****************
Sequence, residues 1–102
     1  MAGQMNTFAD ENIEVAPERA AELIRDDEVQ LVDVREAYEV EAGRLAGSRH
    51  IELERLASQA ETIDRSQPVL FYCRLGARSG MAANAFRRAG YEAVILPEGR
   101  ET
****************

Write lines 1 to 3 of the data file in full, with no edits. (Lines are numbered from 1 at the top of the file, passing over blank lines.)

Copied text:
Sequence, residues 1–102
     1  MAGQMNTFAD ENIEVAPERA AELIRDDEVQ LVDVREAYEV EAGRLAGSRH
    51  IELERLASQA ETIDRSQPVL FYCRLGARSG MAANAFRRAG YEAVILPEGR